In Summary

A tomato is a nutrient-dense food that offers benefit to a range of bodily systems. Its nutritional content supports healthy skin, weight loss, and heart health.

They are one of the commonest vegetables that can be added to any recipe or eaten raw. Joshua Ssozi, a nutritionist at Makerere Department of Food and Health Sciences, however warns that you should not overcook or deep fry tomatoes because their nutrient value diminishes with increased temperatures.

Improved sight
He says, “Vitamin A, present in tomatoes, has been commended to aid in improving vision and preventing night-blindness and age-related macular degeneration. Vitamin A is a powerful antioxidant that can be formed from an excess of beta-carotene in the body.”
Other antioxidants such as lycopene and lutein contained in tomatoes protect the eyes against light-induced damage and development of cataracts. A lot of vision problems occur due to the negative effects of free radicals and vitamin A, being a powerful antioxidant, can help prevent them.

Good skin
Lilian Nyanzi, a nutritionist at Neulife Medical Centre in Bweyogerere, says tomatoes are great for the skin, as they have cooling and astringent properties. They are rich in vitamin C, which can eliminate acne and brighten dull skin. Tomatoes also contain vitamin A, which is needed for healthy skin. It is naturally acidic, so it helps balance the skin and get rid of excessive oil.
“If you have an oily skin and struggle to keep your face from shining, tomato juice is the solution to your agony. After washing your face, apply the juice with a cotton ball daily to control excessive oiliness and acne,’ she says.
Tomatoes contain vitamin C, a powerful anti-aging antioxidant that reduces wrinkles, sagging skin, blemishes, and other adverse health effects of the skin.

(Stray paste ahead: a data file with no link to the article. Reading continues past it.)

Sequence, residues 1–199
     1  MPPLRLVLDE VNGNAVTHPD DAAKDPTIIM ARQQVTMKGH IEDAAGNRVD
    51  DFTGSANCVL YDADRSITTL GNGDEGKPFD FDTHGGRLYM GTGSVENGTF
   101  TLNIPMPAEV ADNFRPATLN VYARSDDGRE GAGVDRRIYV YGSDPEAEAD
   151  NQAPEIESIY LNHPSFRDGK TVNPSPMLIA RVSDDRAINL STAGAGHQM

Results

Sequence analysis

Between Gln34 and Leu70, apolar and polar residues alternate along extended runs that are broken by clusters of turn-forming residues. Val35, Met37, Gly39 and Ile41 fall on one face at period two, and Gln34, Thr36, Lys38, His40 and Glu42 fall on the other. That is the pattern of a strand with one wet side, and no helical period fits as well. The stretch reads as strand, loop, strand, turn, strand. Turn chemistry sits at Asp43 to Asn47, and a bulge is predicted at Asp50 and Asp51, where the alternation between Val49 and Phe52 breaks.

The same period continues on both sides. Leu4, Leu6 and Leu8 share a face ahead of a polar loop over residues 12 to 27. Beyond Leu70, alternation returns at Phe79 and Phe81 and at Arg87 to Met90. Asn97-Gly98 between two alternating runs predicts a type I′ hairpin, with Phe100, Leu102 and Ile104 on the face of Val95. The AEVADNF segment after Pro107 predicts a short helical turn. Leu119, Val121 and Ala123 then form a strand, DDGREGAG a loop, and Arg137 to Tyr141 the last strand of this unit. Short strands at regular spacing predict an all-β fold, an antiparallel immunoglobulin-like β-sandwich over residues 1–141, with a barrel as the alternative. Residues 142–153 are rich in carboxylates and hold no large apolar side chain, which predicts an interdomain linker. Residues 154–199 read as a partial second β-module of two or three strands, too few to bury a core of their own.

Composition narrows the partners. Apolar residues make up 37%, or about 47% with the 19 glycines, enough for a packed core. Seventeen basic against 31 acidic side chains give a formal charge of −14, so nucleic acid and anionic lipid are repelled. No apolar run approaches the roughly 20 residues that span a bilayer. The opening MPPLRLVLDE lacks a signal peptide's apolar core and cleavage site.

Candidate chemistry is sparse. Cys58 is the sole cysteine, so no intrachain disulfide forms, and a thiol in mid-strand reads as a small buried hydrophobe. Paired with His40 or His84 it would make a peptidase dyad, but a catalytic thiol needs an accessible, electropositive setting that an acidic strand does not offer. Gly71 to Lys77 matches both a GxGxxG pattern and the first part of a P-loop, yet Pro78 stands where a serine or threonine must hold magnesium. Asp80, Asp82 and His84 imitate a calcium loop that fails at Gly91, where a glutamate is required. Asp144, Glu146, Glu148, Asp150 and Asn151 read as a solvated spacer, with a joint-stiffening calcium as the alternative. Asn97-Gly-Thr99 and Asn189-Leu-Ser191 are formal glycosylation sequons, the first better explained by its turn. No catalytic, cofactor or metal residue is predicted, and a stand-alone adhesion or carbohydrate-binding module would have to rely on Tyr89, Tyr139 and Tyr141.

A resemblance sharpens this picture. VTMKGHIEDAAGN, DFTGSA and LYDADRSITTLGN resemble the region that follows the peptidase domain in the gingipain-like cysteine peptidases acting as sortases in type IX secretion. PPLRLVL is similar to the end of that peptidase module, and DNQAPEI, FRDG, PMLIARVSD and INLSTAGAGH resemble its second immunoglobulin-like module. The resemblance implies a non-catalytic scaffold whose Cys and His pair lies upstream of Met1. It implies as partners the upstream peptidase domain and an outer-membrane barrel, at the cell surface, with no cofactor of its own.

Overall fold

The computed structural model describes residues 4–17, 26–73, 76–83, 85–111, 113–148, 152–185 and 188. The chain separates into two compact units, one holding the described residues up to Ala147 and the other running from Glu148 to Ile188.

Kidney and heart health
The red vegetables contain nutrients that act as body cleansers. They are good for your skin. They also contain vitamin B and potassium which are good for your heart and kidney. You can eat them raw or add them to whatever you may be cooking.

“Tomatoes are rich in lycopene, which reduces blood pressure. They are more beneficial when eaten raw. The fibre, potassium, vitamin C, and choline content in tomatoes all support heart health. An increase in potassium intake contained in tomatoes, along with a decrease in sodium intake, is the most important dietary change the average person can make to reduce their risk of cardiovascular disease,” Ssozi says.
Not only is high potassium intake associated with a reduced risk of cardiovascular disease, it is also known for protecting the muscles against deterioration, preserving bone mineral density, and reducing the production of kidney stones.

Cancer
The vegetable is considered a cancer-fighting food because it is a good source of vitamins A, C, and E, all of which fight free radicals that cause cancer.
“These antioxidants help combat the formation of free radicals that cause cancer. A high intake of beta-carotene contained in the tomatoes is linked to the prevention of tumor development in prostate and colorectal cancer.”

Digestion
Tomatoes keep the digestive system healthy by preventing both constipation and diarrhoea. Consuming large amounts of fibre helps stimulate peristaltic motion in the digestive muscles and release gastric and digestive juices. This often regulates bowel movement, thereby improving overall digestive health and helping avoid conditions such as colorectal cancer.
“Furthermore, they have a large amount of fibre, which can bulk the bowels and reduce symptoms of constipation. They also effectively remove toxins from the body,” Nyanzi says.

Foetal health
Lilian Nyanzi, a nutritionist at Neulife Medical Centre in Bweyogerere, says pregnant women should take a folic acid supplement. “Tomatoes are great sources of naturally-occurring folate (folic acid) which is essential during pregnancy to protect the foetus from neural tube defects. Women who are planning to conceive also need the folate to boost their chances of fertility and fights fatigue.”

bnakibuuka@ug.nationmedia.com